Why is New Year called the Réveillon de la Saint-Sylvestre?
You have probably heard your French friends using this term but they might not know where it comes from. We explain.
In France, the end-of-year celebration that takes place on December 31 is commonly known as le réveillon de la Saint-Sylvestre.
But what is a “réveillon” and who is Saint Sylvestre?
In order to explain, we need to tackle these terms separately.
The etymology of réveillon
The New Year is not the only day you might hear this word. It is also employed by French speakers to describe the Christmas meal on December 24. But a Christmas meal and a midnight party are two different affairs, so what is going on?
It helps to break the word down. The word réveillon is composed of a prefix (the letter r), the root word “éveil” and the suffix “on”, like this: r-éveill-on.
Typically in French the “r” means to do something again. In this case, as éveil means to wake, it would change the meaning to re-wake, or put simply, wake up.
The “on” part of the word is a diminutive. This means that it denotes something small. For example, the word garçon (a small man) or the word girafon (a small giraffe), etc.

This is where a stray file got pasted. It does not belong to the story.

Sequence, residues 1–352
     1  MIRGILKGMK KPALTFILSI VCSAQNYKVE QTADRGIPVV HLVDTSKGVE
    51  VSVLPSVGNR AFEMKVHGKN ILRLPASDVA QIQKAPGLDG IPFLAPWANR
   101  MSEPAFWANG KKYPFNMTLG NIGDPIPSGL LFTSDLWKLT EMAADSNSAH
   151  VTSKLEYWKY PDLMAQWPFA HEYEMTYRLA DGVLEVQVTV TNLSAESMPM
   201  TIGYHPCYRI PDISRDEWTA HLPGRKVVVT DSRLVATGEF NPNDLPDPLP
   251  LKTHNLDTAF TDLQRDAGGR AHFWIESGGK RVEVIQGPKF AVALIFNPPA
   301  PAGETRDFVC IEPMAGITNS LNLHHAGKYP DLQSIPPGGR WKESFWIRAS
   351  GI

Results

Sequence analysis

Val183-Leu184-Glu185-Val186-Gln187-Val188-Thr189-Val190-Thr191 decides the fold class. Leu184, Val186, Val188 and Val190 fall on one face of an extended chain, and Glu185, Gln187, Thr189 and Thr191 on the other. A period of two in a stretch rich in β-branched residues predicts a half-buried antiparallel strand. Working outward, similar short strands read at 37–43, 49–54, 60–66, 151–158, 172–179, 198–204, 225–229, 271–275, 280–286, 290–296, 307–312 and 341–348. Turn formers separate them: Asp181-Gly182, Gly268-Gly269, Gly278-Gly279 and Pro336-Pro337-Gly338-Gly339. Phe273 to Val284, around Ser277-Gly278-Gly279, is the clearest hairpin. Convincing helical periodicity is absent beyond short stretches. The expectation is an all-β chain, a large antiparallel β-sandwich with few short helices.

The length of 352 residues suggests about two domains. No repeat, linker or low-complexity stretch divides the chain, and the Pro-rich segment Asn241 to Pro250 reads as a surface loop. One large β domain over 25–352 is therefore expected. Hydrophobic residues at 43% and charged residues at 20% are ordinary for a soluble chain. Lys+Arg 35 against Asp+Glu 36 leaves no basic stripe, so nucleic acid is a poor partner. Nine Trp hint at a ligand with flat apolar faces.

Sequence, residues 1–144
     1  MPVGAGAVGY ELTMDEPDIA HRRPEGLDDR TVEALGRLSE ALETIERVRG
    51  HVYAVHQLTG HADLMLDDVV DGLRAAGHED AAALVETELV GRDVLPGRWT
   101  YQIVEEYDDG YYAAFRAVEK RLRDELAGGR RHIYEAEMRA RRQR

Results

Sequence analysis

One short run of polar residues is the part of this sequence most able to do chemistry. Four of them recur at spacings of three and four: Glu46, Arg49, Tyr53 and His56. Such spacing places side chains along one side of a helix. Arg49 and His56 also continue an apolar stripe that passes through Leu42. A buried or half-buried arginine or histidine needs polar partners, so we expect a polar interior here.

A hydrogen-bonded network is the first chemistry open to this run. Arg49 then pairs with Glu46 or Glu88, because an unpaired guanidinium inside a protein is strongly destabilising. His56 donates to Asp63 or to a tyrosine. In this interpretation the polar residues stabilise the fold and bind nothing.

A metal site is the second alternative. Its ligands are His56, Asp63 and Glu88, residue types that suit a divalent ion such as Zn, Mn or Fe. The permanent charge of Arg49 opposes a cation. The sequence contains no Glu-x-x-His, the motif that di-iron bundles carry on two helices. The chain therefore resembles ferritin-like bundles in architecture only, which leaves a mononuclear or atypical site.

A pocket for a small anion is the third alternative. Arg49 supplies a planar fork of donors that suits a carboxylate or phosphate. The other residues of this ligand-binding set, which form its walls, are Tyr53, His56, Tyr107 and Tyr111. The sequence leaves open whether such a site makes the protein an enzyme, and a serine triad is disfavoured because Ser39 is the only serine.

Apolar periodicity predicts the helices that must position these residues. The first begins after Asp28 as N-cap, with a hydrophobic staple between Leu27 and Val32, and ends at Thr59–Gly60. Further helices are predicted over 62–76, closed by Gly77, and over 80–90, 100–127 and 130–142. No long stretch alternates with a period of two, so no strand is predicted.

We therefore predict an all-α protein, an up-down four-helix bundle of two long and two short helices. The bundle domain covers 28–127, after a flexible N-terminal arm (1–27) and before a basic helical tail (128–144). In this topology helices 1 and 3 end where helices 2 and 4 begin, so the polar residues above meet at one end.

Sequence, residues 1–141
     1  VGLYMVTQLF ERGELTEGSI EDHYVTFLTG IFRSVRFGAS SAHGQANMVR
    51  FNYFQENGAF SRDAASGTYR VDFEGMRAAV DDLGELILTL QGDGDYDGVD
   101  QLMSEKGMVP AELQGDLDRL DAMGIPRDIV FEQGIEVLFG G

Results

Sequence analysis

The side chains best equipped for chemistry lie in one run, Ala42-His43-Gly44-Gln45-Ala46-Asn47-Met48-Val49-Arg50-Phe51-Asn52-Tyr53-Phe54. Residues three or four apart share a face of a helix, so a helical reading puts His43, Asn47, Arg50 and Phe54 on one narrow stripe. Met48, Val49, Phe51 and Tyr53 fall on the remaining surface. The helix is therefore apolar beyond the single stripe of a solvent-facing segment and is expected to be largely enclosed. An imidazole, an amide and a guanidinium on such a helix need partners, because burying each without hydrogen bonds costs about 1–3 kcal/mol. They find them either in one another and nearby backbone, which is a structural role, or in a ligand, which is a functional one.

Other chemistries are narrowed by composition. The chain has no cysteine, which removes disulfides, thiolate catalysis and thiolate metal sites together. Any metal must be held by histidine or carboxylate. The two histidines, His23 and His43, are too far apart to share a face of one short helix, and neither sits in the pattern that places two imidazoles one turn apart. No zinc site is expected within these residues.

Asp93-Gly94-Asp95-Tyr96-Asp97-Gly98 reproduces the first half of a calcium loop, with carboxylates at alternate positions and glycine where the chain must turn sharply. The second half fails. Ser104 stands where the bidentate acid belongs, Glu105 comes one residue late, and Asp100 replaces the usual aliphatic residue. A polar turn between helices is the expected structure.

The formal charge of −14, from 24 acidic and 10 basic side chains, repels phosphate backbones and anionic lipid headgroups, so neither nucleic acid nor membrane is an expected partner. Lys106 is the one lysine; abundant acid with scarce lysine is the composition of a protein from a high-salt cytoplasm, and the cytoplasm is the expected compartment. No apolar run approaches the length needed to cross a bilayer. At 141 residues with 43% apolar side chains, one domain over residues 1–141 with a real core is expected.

Note that not all French words that end with “on” are diminutives. For example, maçon (mason) is not a small mason.
So, put together we get un petit-réveil, or more simply, just a petit-éveil, which in English could be understood as something similar to “waking up for a short period”.
So, the word réveillon, which stems from the latin word “vigilare” or “vigil”, began to be used to denote the period when people would wake up for a short period to attend midnight mass at Christmas.
Typically, people would eat a small snack at this point too. Over time, the meaning changed until réveillon started to be used to describe both the big Christmas meal that takes place on December 24 and also the New Year’s Eve celebrations.
Voila, that explains réveillon. Now Saint Sylvestre.
Who is Saint Sylvestre and why is he associated with New Year?
The word Slyvester etymologically means someone who lives or grows up in the forest and it comes from the Latin “silva”, which means forest.
But Saint Sylvestre was a real person.
Slyvestre I was the 33rd pope of the Roman Catholic church who served from January 31 314 until December 31 335.
Like most Catholic saints, one day of the year is dedicated to him. In this case, his day is December 31. He lived at a time when the end of the year was not always December 31, so it is just luck that his celebration falls on the day of our modern era end-of-year celebration.
And so there it is. The réveillon de la Saint-Sylvestre actually means a short period of being awake on the day when we celebrate Saint-Sylvestre.